Introduction

Legal Update: April 2022

Legal Update: April 2022

Narrow Nexus Opinions from the Ninth Circuit

For several decades, web accessibility lawsuits in many circuits in the United States require establishing a “nexus” between an (inaccessible) website and a traditional bricks-and-mortar place of public accommodation. And for several decades, courts have struggled to figure out exactly what that means. In some cases, features like a store locator feature or allowing customers to buy gift cards redeemable at any of the defendant’s stores, creates a sufficient nexus to support suing a company because of its inaccessible website. See, e.g., Fuller v. Smoking Anytime, LLC, 2018 U.S. Dist. LEXIS 118290 (S.D. Fla. 2018). On the other hand, some cases suggested that these same features are not enough to create a nexus. See, e.g., Brooks v. See's Candies, Inc., 2021 U.S. Dist. LEXIS 153158 (E.D. Cal. 2021).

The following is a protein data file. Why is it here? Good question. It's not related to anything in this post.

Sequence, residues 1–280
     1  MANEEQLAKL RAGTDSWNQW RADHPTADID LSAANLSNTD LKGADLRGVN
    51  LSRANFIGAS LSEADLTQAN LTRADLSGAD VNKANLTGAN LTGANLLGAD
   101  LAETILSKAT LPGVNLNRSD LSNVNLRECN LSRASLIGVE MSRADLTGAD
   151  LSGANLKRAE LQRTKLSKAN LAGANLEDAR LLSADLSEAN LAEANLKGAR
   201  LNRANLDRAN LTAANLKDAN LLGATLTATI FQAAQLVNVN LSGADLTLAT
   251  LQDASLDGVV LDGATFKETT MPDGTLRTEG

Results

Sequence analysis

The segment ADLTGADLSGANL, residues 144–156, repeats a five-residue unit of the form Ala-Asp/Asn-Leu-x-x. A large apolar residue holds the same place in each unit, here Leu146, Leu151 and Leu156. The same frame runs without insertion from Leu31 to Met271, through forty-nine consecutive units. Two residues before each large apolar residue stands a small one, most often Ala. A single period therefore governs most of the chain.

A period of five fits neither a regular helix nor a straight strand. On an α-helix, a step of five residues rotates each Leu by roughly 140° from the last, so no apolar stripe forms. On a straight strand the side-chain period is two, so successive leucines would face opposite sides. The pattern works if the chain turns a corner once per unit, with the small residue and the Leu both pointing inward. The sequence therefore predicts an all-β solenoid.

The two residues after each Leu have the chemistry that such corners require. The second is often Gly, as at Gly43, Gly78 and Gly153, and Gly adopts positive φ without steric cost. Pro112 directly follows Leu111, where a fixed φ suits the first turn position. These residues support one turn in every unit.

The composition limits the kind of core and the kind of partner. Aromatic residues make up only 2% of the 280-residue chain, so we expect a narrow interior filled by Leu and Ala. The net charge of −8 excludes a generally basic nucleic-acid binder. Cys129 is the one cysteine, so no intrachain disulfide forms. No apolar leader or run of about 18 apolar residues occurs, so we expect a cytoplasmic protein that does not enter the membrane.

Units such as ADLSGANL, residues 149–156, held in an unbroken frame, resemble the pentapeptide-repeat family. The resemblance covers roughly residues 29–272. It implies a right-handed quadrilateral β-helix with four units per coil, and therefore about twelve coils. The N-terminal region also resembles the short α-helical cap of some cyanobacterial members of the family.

Since the Ninth Circuit’s opinion in Robles v. Domino's Pizza, LLC, 913 F.3d 898 (9th Cir. 2019), however, I’ve noticed that district courts in California have often (but not always) taken a narrower interpretation of the nexus standard. But first a note: Mr. Robles and Domino’s Pizza have a long history in the Federal district and appellate courts in California and this decision is just one decision from the Ninth Circuit (we discussed the latest opinion in our June 2021 Legal Update). In particular, courts have gravitated towards the language in the earlier Domino’s decision in which the court noted that, “"The alleged inaccessibility of Domino's website and app impedes access to the goods and services of its physical pizza franchises—which are places of public accommodation.” Domino's Pizza, LLC, 913 F.3d at 905. For instance, earlier this month, in Downing v. SBE/Katsuya USA, LLC, 2022 U.S. Dist. LEXIS 63584 (C.D. Cal. 2022), the plaintiff visited the website of a local chain of restaurants, which allowed her to learn about menu items and place online orders for pickup or delivery from specific restaurants. The court dismissed the complaint focusing on the fact that the plaintiff had not alleged that the website impeded her access to a specific restaurant. Just a few days later, in Gomez v. Como, 2022 U.S. Dist. LEXIS 66674 (N.D. Cal. 2022), Andres Gomez, a blind plaintiff who was interested in buying a house, sued a realtor because their site was inaccessible. And again the court dismissed the case because the plaintiff failed to allege that the barriers prevented them from accessing the defendant’s physical place of public accommodation.